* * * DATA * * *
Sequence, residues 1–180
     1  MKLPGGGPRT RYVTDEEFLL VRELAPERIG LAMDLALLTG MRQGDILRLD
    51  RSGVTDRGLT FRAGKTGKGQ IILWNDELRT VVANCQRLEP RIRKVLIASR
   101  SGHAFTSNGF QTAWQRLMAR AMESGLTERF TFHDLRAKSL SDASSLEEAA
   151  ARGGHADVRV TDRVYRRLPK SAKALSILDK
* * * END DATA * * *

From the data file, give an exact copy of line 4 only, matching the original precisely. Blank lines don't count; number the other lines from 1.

   101  SGHAFTSNGF QTAWQRLMAR AMESGLTERF TFHDLRAKSL SDASSLEEAA